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Late Quaternary Extinctions: State of the Debate

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Annual Review of Ecology, Evolution, and Systematics

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      Abstract

      Between fifty and ten thousand years ago, most large mammals became extinct everywhere except Africa. Slow-breeding animals also were hard hit, regardless of size. This unusual extinction of large and slow-breeding animals provides some of the strongest support for a human contribution to their extinction and is consistent with various human hunting models, but it is difficult to explain by models relying solely on environmental change. It is an oversimplification, however, to say that a wave of hunting-induced extinctions swept continents immediately after first human contact. Results from recent studies suggest that humans precipitated extinction in many parts of the globe through combined direct (hunting) and perhaps indirect (competition, habitat alteration) impacts, but that the timing and geography of extinction might have been different and the worldwide magnitude less, had not climatic change coincided with human impacts in many places.

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      Ecological responses to recent climate change.

      There is now ample evidence of the ecological impacts of recent climate change, from polar terrestrial to tropical marine environments. The responses of both flora and fauna span an array of ecosystems and organizational hierarchies, from the species to the community levels. Despite continued uncertainty as to community and ecosystem trajectories under global change, our review exposes a coherent pattern of ecological change across systems. Although we are only at an early stage in the projected trends of global warming, ecological responses to recent climate change are already clearly visible.
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        Extinction risk from climate change.

        Climate change over the past approximately 30 years has produced numerous shifts in the distributions and abundances of species and has been implicated in one species-level extinction. Using projections of species' distributions for future climate scenarios, we assess extinction risks for sample regions that cover some 20% of the Earth's terrestrial surface. Exploring three approaches in which the estimated probability of extinction shows a power-law relationship with geographical range size, we predict, on the basis of mid-range climate-warming scenarios for 2050, that 15-37% of species in our sample of regions and taxa will be 'committed to extinction'. When the average of the three methods and two dispersal scenarios is taken, minimal climate-warming scenarios produce lower projections of species committed to extinction ( approximately 18%) than mid-range ( approximately 24%) and maximum-change ( approximately 35%) scenarios. These estimates show the importance of rapid implementation of technologies to decrease greenhouse gas emissions and strategies for carbon sequestration.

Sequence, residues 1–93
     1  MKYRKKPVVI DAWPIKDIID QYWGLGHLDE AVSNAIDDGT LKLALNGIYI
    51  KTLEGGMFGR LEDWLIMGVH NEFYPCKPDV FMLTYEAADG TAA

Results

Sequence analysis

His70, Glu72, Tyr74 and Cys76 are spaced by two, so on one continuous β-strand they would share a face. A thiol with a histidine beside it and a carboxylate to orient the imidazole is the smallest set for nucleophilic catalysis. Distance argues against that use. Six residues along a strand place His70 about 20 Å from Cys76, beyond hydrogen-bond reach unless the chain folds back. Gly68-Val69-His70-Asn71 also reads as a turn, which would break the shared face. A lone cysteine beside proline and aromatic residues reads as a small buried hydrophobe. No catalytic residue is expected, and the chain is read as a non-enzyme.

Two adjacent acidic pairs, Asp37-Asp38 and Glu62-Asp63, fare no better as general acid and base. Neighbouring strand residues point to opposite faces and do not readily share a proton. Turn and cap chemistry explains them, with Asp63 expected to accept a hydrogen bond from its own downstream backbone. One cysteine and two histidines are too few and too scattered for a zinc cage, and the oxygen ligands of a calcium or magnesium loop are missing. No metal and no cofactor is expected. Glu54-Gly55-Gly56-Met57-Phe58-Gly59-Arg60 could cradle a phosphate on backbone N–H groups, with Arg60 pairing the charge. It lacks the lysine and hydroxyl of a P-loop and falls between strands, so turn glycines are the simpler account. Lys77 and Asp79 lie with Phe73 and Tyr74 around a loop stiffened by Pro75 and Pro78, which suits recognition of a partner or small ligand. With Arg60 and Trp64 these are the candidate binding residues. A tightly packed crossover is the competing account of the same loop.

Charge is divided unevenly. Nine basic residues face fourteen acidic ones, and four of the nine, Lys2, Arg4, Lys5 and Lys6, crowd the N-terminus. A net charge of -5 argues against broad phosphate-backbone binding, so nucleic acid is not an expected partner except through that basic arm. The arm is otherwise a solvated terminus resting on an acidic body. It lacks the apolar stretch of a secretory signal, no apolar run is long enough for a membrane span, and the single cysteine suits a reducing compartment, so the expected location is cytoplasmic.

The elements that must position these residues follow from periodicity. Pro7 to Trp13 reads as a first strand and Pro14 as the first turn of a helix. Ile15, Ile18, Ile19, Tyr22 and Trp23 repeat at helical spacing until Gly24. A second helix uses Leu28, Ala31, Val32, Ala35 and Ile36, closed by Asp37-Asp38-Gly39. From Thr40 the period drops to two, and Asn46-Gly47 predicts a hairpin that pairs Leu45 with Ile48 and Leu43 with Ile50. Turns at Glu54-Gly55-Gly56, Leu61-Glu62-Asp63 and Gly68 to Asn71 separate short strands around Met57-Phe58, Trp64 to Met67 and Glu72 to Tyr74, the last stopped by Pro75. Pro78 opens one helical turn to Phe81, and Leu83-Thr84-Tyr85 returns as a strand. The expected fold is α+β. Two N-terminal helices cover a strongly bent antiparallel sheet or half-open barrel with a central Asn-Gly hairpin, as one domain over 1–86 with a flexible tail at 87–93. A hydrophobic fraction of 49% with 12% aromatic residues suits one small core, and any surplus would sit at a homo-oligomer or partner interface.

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          Catastrophic shifts in ecosystems.

          All ecosystems are exposed to gradual changes in climate, nutrient loading, habitat fragmentation or biotic exploitation. Nature is usually assumed to respond to gradual change in a smooth way. However, studies on lakes, coral reefs, oceans, forests and arid lands have shown that smooth change can be interrupted by sudden drastic switches to a contrasting state. Although diverse events can trigger such shifts, recent studies show that a loss of resilience usually paves the way for a switch to an alternative state. This suggests that strategies for sustainable management of such ecosystems should focus on maintaining resilience.
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            Author and article information

            Journal
            Annual Review of Ecology, Evolution, and Systematics
            Annu. Rev. Ecol. Evol. Syst.
            Annual Reviews
            1543-592X
            1545-2069
            December 2006
            December 2006
            : 37
            : 1
            : 215-250
            10.1146/annurev.ecolsys.34.011802.132415
            © 2006

            Evolutionary Biology

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